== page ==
To ensure your device lifeline is always there and in top health – no matter what the reason or situation – Kaspersky Security Cloud keeps your connection safe and secure:
· I want to use my device while waiting for a friend – is it secure to access the bar’s Wi-Fi?
With Kaspersky Security Cloud, devices are protected against network threats, even if the user needs to use insecure public Wi-Fi hotspots. This is done through transferring data via an encrypted channel to ensure personal data safety, so users’ devices are protected on any connection.
· Oh no! I’m bored but my phone’s battery is getting low – what am I going to do?
Users can track their battery level thanks to a countdown of how many minutes are left until their device shuts down in the Kaspersky Security Cloud interface. There is also a wide-range of portable power supplies available to keep device batteries charged while on-the-go.
· I’ve lost my phone! How will I keep myself entertained now?
Should the unthinkable happen and you lose or have your phone stolen, Kaspersky Security Cloud can track and protect your device from data breaches, for complete peace of mind. Remote lock and locate features ensure your device remains secure until you are reunited.
Money talks and electronic gaming evolves
Computer gaming has evolved dramatically in the last two years, as it follows the money, writes ARTHUR GOLDSTUCK in the second of a two-part series.
The clue that gaming has become big business in South Africa was delivered by a non-gaming brand. When Comic Con, an American popular culture convention that has become a mecca for comics enthusiasts, was hosted in South Arica for the first time last month, it used gaming as the major drawcard. More than 45 000 people attended.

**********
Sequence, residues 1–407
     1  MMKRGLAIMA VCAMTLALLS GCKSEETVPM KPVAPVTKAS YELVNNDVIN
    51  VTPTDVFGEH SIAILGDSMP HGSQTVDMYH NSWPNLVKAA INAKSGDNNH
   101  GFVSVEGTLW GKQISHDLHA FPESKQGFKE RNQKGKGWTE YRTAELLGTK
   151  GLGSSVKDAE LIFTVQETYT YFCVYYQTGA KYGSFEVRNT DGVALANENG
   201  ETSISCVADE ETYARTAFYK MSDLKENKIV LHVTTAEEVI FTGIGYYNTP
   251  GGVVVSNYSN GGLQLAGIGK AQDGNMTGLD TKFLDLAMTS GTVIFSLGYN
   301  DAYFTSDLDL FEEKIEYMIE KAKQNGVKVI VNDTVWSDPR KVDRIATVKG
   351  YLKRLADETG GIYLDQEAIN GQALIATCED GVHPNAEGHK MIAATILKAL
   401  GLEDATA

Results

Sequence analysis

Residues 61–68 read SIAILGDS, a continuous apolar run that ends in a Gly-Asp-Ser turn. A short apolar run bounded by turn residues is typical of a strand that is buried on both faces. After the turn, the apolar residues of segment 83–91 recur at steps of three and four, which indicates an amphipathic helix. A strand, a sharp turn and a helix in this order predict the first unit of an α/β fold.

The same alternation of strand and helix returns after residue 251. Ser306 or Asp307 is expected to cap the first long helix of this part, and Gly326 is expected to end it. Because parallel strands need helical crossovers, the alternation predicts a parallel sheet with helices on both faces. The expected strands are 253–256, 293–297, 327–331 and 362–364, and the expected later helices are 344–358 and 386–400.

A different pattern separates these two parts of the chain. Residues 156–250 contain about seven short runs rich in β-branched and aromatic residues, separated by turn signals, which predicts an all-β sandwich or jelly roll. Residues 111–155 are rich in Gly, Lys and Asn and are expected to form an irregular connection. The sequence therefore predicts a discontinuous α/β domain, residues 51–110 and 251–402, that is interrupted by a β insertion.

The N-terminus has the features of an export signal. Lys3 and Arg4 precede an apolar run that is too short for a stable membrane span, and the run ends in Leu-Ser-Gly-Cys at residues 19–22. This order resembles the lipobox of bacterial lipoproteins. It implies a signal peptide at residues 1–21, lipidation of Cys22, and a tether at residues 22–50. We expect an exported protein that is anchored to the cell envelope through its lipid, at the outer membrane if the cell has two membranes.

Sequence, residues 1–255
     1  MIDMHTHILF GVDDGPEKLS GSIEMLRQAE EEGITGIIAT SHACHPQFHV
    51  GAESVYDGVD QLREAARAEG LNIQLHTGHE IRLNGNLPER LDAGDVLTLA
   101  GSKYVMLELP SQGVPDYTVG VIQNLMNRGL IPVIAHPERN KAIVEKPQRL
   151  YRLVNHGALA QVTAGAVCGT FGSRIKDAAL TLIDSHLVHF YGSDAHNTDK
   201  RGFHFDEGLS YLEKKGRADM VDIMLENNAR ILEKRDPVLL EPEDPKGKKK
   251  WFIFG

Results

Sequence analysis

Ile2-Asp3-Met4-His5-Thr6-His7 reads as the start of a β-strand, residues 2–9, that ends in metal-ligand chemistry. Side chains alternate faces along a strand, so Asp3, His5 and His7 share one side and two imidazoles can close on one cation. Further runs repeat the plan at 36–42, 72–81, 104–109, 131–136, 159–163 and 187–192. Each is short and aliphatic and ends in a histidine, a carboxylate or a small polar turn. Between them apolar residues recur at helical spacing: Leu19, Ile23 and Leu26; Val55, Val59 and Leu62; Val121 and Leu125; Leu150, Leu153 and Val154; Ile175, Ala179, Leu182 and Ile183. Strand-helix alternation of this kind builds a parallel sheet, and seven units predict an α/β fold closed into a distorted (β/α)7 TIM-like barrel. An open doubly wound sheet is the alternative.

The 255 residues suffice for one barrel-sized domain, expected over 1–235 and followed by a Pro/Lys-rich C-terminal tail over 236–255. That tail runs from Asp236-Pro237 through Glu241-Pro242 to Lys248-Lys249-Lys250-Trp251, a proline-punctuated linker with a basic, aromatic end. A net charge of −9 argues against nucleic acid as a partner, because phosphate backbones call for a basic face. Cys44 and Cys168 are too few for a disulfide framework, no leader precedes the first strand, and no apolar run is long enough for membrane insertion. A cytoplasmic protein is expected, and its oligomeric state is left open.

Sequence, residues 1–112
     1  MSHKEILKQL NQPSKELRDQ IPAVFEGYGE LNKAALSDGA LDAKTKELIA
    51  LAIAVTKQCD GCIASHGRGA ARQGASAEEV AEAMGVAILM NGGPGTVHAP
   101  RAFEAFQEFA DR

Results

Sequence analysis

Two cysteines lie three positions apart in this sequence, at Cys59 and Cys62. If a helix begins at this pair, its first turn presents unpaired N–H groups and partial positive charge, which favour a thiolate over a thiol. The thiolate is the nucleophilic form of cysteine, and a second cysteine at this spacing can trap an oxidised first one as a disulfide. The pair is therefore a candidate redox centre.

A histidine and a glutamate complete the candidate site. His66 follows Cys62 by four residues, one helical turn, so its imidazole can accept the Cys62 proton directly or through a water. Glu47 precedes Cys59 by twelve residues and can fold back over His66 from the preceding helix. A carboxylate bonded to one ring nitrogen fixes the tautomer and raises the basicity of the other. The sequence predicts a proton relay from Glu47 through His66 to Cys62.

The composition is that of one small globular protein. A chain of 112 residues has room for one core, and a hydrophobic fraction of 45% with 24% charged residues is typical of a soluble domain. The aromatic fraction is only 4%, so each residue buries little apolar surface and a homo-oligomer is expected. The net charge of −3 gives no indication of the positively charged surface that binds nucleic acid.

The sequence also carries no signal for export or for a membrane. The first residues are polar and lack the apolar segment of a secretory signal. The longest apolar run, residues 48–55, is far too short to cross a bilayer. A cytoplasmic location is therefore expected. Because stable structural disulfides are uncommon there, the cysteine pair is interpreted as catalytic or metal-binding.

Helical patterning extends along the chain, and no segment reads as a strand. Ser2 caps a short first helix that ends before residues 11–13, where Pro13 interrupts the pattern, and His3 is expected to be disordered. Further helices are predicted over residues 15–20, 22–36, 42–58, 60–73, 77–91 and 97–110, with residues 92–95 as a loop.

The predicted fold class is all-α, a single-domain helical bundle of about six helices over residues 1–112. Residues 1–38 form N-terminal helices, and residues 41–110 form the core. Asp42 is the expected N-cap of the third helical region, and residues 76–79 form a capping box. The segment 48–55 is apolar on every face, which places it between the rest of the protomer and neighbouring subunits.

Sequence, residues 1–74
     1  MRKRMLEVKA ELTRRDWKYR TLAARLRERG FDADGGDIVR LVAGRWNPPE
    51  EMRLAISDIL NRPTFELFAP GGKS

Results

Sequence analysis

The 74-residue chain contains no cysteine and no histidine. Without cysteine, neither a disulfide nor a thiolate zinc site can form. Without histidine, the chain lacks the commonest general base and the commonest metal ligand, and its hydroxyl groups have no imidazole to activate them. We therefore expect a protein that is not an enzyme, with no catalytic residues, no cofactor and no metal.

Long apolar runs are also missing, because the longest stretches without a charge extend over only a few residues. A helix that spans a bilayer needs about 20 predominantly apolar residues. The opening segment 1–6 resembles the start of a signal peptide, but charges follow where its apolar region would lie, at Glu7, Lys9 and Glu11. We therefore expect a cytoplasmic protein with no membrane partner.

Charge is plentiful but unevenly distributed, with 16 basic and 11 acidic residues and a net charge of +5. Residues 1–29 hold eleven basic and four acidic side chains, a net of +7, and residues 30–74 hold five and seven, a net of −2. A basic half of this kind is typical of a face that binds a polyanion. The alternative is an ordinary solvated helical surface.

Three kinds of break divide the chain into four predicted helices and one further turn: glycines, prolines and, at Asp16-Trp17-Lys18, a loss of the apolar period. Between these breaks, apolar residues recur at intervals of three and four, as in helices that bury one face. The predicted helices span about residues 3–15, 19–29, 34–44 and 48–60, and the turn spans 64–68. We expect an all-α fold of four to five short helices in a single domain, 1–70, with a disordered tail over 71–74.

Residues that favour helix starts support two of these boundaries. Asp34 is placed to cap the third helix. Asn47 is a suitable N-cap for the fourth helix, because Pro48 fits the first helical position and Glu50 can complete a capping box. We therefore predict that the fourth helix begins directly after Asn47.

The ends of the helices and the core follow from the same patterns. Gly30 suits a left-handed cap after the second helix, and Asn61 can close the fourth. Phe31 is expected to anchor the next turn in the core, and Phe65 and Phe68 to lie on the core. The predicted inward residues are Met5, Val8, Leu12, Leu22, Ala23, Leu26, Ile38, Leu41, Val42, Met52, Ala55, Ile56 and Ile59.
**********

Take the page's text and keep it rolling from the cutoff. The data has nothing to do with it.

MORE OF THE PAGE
The event and its attendance was expected to be a major dampener for the annual rAge gaming expo, which took place just weeks later. Instead, rAge saw only a marginal fall in visitor numbers. No less than 34 000 people descended on the Ticketpro Dome for the chaos of cosplay, LAN gaming, virtual reality, board gaming and new video games.
It proved not only that there was room for more than one major gaming event, but also that a massive market exists for the sector in South Africa. And with a large market, one also found numerous gaming niches that either emerged afresh or will keep going over the years. One of these, LAN (for Local Area Network) gaming, which sees hordes of players camping out at the venue for three days to play each other on elaborate computer rigs, was back as strong as ever at rAge.
MWeb provided an 8Gbps line to the expo, to connect all these gamers, and recorded 120TB in downloads and 15Tb in uploads – a total that would have used up the entire country’s bandwidth a few years ago.
“LANs are supposed to be a thing of the past, yet we buck the trend each year,” says Michael James, senior project manager and owner of rAge. “It is more of a spectacle than a simple LAN, so I can understand.”
New phenomena, often associated with the flavour of the moment, also emerge every year.
“Fortnite is a good example this year of how we evolve,” says James. “It’s a crazy huge phenomenon and nobody was servicing the demand from a tournament point of view. So rAge and Xbox created a casual LAN tournament that anyone could enter and win a prize. I think the top 10 people got something each round.”
Read on to see how esports is starting to make an impact in gaming.